Adult Education - Basic Grants to States - Federal and State Funding Combined
CSFA Number: 684-01-1625
Agency Name
Illinois Community College Board (684)
Agency Contact
Kathy Olesen-Tracey
2175572740
kathy.olesen-tracey@illinois.gov
Short Description
Grants to providers of Adult Education Services
Subject Area
Education
Program Function
Education
Enabling Legislation
110 ILCS 805/2-16.01
Objectives and Goals
Funds must be used to assist adults to become literate and obtain the knowledge and skills necessary for employment and self-sufficiency, to assist adults who are parents to obtain the education and skills that are necessary to becoming full partners in the educational development of their children and lead to sustainable improvement in the economic opportunities for their family.

Integrated English Literacy and Civics Education funds must be used for integrated English literacy and civics education, in combination with integrated education and training activities that prepare adults who are English language learners for and place such adults in, unsubsidized employment in in-demand industries and occupations that lead to economic self-sufficiency; and integrate with the local workforce development system and its functions to carry out the activities of the program. Such services shall include instruction in literacy English language acquisition and instruction on the rights and responsibilities of citizenship and civic participation and may include workforce training.
Types of Assistance
Formula Grants
Uses and Restrictions
Funds are required to be used to provide instructional and supportive services to eligible individuals in accordance with the requirements of State laws as outlined in the ICCB Adult Education Policy and Procedural manual.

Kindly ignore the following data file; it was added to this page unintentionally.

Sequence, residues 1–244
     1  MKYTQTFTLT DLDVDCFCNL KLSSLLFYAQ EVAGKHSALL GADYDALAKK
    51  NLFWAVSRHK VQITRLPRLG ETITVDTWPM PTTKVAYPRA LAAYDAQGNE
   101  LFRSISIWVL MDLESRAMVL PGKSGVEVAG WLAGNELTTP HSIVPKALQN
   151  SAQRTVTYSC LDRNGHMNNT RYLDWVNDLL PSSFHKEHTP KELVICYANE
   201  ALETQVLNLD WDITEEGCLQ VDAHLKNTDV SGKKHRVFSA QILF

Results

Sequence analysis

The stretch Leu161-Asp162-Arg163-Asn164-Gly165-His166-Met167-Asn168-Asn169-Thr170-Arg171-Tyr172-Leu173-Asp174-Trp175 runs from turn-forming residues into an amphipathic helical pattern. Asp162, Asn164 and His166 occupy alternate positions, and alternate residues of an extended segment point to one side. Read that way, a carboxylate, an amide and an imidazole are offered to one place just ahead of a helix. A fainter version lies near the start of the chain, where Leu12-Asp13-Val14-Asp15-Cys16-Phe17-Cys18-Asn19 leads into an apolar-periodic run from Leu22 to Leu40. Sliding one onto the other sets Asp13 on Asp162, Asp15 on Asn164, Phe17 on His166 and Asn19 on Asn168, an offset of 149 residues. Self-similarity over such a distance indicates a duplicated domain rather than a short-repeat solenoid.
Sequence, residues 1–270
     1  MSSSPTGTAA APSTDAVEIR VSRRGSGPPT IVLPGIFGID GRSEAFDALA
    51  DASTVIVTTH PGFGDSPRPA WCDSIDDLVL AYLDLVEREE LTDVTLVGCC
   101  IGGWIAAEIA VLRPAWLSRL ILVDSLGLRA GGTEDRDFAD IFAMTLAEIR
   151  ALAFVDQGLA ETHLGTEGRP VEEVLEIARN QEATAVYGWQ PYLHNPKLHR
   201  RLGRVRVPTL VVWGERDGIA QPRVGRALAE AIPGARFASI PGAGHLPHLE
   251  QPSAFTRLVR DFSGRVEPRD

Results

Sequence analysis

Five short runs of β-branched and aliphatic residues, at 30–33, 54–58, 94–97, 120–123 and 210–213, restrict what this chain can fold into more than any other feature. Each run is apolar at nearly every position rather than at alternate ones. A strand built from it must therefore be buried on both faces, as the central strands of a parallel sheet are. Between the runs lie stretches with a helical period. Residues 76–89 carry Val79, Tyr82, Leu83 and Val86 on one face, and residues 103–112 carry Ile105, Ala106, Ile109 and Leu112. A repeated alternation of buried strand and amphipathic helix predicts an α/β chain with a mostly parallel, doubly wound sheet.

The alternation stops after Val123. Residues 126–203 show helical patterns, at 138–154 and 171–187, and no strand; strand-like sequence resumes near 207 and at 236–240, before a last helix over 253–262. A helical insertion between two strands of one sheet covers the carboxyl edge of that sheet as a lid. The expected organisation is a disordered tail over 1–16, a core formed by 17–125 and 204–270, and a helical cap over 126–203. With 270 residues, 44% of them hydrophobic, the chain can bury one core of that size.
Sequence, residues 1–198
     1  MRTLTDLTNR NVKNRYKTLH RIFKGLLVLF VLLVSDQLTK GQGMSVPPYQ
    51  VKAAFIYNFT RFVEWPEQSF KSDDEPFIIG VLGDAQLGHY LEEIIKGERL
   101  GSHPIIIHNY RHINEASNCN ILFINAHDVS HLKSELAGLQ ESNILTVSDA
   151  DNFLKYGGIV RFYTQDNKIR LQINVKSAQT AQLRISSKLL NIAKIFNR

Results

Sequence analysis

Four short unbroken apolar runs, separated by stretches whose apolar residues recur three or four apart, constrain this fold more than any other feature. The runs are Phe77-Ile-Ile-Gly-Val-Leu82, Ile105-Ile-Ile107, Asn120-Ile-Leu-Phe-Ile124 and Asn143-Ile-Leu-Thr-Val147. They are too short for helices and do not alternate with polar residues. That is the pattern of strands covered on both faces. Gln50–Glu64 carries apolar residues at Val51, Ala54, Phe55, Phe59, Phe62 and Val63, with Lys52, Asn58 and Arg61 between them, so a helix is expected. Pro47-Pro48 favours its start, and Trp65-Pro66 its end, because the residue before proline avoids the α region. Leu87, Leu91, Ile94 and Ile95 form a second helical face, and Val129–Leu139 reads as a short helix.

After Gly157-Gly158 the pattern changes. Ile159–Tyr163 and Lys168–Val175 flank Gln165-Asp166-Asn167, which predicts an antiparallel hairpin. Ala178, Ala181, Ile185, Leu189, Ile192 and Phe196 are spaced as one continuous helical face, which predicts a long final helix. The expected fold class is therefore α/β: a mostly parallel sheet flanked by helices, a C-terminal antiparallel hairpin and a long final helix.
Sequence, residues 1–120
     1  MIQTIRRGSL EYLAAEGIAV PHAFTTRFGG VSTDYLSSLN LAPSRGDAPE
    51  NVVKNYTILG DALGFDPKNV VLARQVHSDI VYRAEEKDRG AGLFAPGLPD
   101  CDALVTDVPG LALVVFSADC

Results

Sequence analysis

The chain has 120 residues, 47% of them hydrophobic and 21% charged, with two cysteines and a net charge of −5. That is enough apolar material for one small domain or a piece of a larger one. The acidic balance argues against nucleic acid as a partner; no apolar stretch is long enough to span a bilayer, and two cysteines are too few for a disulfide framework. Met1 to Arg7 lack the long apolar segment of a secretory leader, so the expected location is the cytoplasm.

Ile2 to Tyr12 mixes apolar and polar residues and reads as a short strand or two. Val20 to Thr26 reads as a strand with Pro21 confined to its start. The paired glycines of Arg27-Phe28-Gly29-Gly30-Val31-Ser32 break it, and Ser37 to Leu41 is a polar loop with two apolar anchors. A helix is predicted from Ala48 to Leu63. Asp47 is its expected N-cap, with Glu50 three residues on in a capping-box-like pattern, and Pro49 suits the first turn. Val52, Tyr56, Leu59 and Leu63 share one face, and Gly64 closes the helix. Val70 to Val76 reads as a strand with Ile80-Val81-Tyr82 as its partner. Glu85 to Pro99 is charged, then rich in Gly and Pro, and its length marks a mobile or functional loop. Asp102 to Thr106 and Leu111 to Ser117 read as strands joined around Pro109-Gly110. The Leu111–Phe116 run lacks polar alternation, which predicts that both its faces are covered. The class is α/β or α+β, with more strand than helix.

Eligibility Requirements
The following are eligible entities to apply for adult education funding in a competitive year:
Local educational agencies (LEAs)
Community-Based Organizations (CBOs) or Faith-Based Organizations (FBOs)
Volunteer Literacy Organizations
Institutions of Higher Education (IHEs)
Public or Private nonprofit agencies
Libraries
Public-housing authorities
Non-profit institutions that are described previously and have the ability to provide literacy services to adults and literary activities
Consortia of agencies, organizations, institutions, libraries, or authorities described previously
Partnership between an employer and an entity described above
Eligible Applicants
Education Organizations; Government Organizations; Nonprofit Organizations;
Application and Award Processing
In a continuation year, providers are required to submit a continuation plan and budget for approval. Funding is contingent on the continuing applicant's satisfactory performance in the preceding year and sufficient appropriation of funds.

In a competitive year, eligible applicants are required to respond to the RFP by the date listed and complete all portions of the application and other elements as described in the RFP. The past effectiveness of an eligible applicant in improving the literacy skills of adults is a strong factor in the delivery of adult education instruction and supportive services. In addition, the alignment of local adult education activities with the local area plans and services as well as local workforce board plans are essential.

Programs are evaluated based on the following:

1. The documented need of the eligible applicant to serve individuals in the community who are most in need of literacy services and those who are in need of career pathway services, including individuals who have literacy skills. (i.e., literacy statistics, regional and local needs, etc.).
2. The program is of sufficient intensity and duration for individuals, including those with learning disabilities, to achieve substantial learning gains.
3. The past effectiveness of an eligible applicant in improving the literacy skills of adults, including those with low literacy levels; and demonstrates the ability to meet or exceed the levels of performance.
4. The demonstrated alignment to the requirements of the adult education services and activities as well as alignment to the local plans.